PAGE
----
The outcry is exactly the same each time an app moves business model, it happened not long ago with Day One, and will continue indefinitely. The blog posts are exactly the same, the podcasts say the same things but this time there is so much confusion around the pricing that the noise is much louder. In fact Google results for “Ulysses subscription” results in a very mixed bag of questions around the pricing and the business model going forward.
No one should be annoyed that a company altered their business model in order to be more sustainable. Everyone has a tale of an app they paid 99p for and clung to it as long as possible but alas the developer just didn’t update it because it wasn’t worth their time. Granted with Ulysses this wasn’t a few pence, it was a considerable investment, especially if you wanted to write on iOS and macOS. With that said the application is aimed at the professional market, those that value writing and there are plenty of alternatives for those in need of similar features.
Thankfully the company made an excellent decision to give those that had previously purchased apps a free period. This was a sliding scale of anything up to 18months depending on how long ago the purchase was made. Not only this but current users would also receive a life time discount of ‘50%’ off the subscription costs. This sounds like a good deal in exchange for regular updates, as well as the knowledge that the application containing all your work wasn’t going to just disappear.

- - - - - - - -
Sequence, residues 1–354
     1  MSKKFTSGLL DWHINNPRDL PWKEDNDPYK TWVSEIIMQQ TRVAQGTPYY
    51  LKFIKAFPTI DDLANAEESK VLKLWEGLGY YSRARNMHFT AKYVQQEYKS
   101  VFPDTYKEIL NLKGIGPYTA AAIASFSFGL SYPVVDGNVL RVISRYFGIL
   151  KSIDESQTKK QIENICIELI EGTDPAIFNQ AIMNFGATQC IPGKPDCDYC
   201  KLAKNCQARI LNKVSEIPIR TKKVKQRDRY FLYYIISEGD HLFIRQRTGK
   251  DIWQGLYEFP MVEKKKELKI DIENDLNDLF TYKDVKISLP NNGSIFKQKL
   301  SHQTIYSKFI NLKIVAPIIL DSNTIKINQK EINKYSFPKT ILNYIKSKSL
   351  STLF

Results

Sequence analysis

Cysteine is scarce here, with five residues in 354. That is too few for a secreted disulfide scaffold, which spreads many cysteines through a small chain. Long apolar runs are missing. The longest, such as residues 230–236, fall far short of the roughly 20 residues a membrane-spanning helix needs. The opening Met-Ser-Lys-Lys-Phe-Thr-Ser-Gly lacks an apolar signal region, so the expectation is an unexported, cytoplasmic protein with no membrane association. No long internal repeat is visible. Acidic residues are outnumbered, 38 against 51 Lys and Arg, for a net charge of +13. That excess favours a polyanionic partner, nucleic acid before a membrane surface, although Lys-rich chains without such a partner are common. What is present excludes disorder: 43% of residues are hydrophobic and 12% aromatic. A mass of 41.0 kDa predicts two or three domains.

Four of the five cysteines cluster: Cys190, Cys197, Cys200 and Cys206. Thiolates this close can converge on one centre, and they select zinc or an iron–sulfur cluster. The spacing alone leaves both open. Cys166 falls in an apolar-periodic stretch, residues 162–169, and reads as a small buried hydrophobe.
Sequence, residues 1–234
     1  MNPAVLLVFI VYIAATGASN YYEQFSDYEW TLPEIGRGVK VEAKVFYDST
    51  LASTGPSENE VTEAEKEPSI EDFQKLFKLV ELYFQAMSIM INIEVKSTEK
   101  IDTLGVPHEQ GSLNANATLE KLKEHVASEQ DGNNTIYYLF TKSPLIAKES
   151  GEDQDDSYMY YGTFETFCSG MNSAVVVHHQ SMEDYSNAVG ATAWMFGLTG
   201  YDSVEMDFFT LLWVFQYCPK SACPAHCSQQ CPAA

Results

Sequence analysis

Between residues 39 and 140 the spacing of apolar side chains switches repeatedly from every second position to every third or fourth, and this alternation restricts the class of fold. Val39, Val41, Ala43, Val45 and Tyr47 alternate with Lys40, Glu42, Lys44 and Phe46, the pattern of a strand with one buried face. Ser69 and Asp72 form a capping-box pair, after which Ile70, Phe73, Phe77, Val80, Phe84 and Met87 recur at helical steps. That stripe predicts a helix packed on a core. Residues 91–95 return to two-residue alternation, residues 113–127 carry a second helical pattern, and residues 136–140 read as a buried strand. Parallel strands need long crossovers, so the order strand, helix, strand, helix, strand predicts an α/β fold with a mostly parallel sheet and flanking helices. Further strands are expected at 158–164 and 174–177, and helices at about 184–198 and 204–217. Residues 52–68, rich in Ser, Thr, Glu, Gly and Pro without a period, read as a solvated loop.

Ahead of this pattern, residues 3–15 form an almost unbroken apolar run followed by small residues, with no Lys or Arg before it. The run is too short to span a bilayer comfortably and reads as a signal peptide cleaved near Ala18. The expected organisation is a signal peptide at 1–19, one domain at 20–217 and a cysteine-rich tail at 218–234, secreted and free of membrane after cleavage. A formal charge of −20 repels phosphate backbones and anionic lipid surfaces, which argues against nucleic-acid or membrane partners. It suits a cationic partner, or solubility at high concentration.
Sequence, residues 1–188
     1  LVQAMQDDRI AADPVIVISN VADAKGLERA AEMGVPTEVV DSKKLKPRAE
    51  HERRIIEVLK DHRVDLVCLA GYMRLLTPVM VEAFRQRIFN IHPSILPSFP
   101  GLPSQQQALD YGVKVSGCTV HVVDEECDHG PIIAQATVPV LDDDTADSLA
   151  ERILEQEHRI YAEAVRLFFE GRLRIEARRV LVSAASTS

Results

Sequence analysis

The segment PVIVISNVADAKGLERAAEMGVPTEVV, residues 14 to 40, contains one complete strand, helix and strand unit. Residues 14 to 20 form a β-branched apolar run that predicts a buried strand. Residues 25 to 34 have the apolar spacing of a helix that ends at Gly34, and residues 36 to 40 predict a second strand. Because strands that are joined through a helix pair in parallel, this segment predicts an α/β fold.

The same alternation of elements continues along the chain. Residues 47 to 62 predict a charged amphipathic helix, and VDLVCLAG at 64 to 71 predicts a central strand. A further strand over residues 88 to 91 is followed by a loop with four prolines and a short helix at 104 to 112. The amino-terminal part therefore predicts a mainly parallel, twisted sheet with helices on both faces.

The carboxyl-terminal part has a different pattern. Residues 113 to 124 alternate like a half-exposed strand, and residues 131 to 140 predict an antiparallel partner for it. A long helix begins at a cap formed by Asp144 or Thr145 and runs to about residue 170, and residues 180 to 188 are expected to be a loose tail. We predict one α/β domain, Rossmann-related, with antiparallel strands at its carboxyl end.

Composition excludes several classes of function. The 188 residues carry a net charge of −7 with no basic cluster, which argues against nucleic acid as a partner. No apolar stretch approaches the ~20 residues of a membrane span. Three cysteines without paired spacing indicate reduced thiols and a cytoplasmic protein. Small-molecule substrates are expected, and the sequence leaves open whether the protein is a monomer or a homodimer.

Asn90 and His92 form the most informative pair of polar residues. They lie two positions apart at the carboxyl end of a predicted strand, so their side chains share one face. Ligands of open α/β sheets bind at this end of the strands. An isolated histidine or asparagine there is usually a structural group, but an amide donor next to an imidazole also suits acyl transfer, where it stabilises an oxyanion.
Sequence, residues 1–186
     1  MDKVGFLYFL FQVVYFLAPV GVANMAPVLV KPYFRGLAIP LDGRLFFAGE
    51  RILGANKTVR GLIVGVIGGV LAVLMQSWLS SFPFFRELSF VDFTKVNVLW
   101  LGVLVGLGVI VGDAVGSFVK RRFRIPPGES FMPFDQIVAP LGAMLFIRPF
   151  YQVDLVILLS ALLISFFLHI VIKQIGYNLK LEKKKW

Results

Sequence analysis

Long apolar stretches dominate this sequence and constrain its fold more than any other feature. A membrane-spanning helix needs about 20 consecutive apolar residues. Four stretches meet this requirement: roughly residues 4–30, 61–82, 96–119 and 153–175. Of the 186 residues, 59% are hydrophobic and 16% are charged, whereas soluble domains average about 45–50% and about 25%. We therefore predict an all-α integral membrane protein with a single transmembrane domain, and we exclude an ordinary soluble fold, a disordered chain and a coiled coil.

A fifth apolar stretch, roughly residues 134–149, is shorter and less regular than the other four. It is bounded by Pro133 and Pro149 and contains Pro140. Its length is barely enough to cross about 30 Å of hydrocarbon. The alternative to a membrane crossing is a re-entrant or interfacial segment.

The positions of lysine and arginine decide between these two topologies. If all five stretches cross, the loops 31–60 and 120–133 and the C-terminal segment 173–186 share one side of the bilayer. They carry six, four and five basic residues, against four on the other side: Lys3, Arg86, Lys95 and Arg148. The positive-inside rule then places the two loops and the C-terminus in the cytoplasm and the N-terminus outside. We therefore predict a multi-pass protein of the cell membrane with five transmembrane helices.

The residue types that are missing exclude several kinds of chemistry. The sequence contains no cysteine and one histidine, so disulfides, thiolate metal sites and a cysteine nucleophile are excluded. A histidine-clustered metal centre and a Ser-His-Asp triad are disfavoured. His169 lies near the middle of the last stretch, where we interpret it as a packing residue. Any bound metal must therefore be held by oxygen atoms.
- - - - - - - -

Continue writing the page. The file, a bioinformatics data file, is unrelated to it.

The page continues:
The issue really is that the discount was not all that it seemed, and it wasn’t communicated very well in their blogs posts. The discount was a 50% discount from the monthly Ulysses subscription costs, but only if you paid a year upfront. Working out to be a much smaller saving than previously communicated. Couple this with the fact that the first version of the subscription model based app would nuke your free trial as soon as you took advantage of the limited time 50% discount.
This wouldn’t go as far as to put me off the app entirely, but things like this leave a bad taste in the mouth and may put off a few users that wouldn’t get as much value from a Ulysses subscription. However lets not forget the version already purchased works perfectly fine, and will continue to be updated to a new iOS11 version some time in September. So all is not lost for those types of ‘part time’ users.
The bad feelings were simply not managed very well and others wanting to make the same move can learn a lot from these mistakes. Clear communication and a rock solid understanding of managing expectations is key to keeping users happy, and maintaining your business through the transition. Please don’t let this put you off trying Ulysses for wiring on iOS and macOS – I love it and I know you will too.